JavaScript ES6

ES6, also known as ECMAScript 2015, introduced several new features and syntax improvements to JavaScript. Here are some key aspects of ES6:

let and const

  • let allows you to declare block-scoped variables, which are only accessible within the nearest set of curly braces {}. This helps prevent accidental variable reassignment and provides better scoping.
  • const is used to declare block-scoped constants whose values cannot be reassigned. However, properties of objects declared with const can still be modified.

Arrow Functions

  • Arrow functions (=>) provide a more concise syntax for writing function expressions.
  • They lexically bind the this value, eliminating issues with this binding in regular functions.


  • ES6 introduced a new syntax for creating classes, making object-oriented programming in JavaScript more straightforward.
  • Classes support inheritance, constructors, static methods, and other features found in traditional object-oriented languages.


  • ES6 provides a standardized module system for organizing and sharing code across files.
  • Modules can import and export functions, objects, and other values, promoting code reusability and maintainability.

Template Literals

  • Template literals (enclosed in backticks ` “) allow for string interpolation and multiline strings, making it easier to work with strings.


  • Destructuring allows you to extract values from arrays or properties from objects and assign them to distinct variables.
  • This makes working with complex data structures more concise and readable.

Spread Operator

  • The spread operator (...) allows you to spread elements of an array or properties of an object into another array or object.
  • It simplifies operations like array concatenation, object cloning, and function argument passing.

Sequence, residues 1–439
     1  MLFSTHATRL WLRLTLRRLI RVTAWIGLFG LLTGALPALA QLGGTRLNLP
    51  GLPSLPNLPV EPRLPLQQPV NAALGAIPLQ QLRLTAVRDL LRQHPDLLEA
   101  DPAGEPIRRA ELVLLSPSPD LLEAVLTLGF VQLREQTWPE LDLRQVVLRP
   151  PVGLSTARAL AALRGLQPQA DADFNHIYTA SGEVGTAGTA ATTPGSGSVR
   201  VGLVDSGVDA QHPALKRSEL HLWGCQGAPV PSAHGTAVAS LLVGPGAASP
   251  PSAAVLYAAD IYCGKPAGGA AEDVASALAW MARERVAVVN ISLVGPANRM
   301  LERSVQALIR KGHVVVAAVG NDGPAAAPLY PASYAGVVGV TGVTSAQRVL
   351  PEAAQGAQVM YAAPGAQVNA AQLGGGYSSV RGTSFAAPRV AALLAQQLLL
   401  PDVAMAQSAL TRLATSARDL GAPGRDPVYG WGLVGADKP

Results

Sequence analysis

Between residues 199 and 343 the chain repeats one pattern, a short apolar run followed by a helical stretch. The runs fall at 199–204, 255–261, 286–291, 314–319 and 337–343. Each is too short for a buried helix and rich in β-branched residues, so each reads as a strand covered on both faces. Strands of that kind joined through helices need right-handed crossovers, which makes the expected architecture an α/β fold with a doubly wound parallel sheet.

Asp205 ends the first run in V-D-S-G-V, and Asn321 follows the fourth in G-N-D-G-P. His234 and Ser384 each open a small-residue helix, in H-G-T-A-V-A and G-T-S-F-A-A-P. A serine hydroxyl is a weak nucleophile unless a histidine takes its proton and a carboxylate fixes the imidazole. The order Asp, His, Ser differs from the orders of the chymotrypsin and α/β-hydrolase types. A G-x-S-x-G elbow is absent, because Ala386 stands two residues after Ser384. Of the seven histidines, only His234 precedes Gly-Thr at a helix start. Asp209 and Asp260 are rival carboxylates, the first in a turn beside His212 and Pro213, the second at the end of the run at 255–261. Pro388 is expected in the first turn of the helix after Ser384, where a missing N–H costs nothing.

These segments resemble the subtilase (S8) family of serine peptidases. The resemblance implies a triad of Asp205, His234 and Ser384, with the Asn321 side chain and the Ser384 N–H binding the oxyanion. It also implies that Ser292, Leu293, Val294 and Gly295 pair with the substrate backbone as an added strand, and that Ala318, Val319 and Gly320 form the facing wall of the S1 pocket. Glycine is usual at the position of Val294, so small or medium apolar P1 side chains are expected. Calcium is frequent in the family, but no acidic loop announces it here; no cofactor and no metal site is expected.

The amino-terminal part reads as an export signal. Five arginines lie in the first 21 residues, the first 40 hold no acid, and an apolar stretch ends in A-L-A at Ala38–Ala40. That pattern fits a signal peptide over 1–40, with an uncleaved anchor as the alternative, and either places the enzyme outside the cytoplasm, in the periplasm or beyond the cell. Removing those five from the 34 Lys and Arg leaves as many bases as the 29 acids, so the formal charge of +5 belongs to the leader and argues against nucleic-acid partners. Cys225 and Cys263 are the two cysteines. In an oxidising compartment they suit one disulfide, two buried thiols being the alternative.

Default Parameters

  • ES6 introduced default parameter values for functions, allowing you to provide fallback values if arguments are not supplied.

Rest Parameters

  • The rest parameter syntax (...) allows you to represent an indefinite number of arguments as an array within a function.

Promises and async/await

  • Promises provide a more structured way of handling asynchronous operations in JavaScript.
  • The async/await syntax makes working with Promises more intuitive and readable.

These are just some of the major features introduced in ES6. The update aimed to make JavaScript more modern, expressive, and aligned with programming paradigms found in other languages, while maintaining backward compatibility.

Tips & Tricks

Var, Let, Const

In ES6 (ECMAScript 2015), let and const were introduced as new ways to declare variables, offering improvements over the traditional var declaration. Here’s a summary of the differences and use cases:

varVariables declared with var have function scope or global scope if declared outside a function.
They can be re-declared and updated within their scope.
They are hoisted to the top of their scope and initialized with undefined.
letVariables declared with let have block scope (within { }), which helps prevent accidental overwriting.
They cannot be re-declared within the same scope.
They are hoisted to the top of their block, but not initialized. Trying to use a let variable before declaration will cause a ReferenceError.
Recommended for most variable declarations in modern JavaScript.
constVariables declared with const have block scope, similar to let.
They cannot be re-declared or re-assigned within the same scope.
They must be assigned an initial value during declaration.
While the variable reference cannot be reassigned, the properties of objects declared with const can be modified.
Recommended for declaring variables whose values should not change, such as constants or configuration values.


Working with objects: how to define an object with one property (name) and one method (walk)

const person = {
  name: 'Jack',
  walk(): {}

How to call the method

// option 1
// option 2
// option 3
const tagetMember = 'walk';

If you know ahead of time what property or method you’re going to access, then use the dot notation (first option). Otherwise, use the last two options.

The this keyword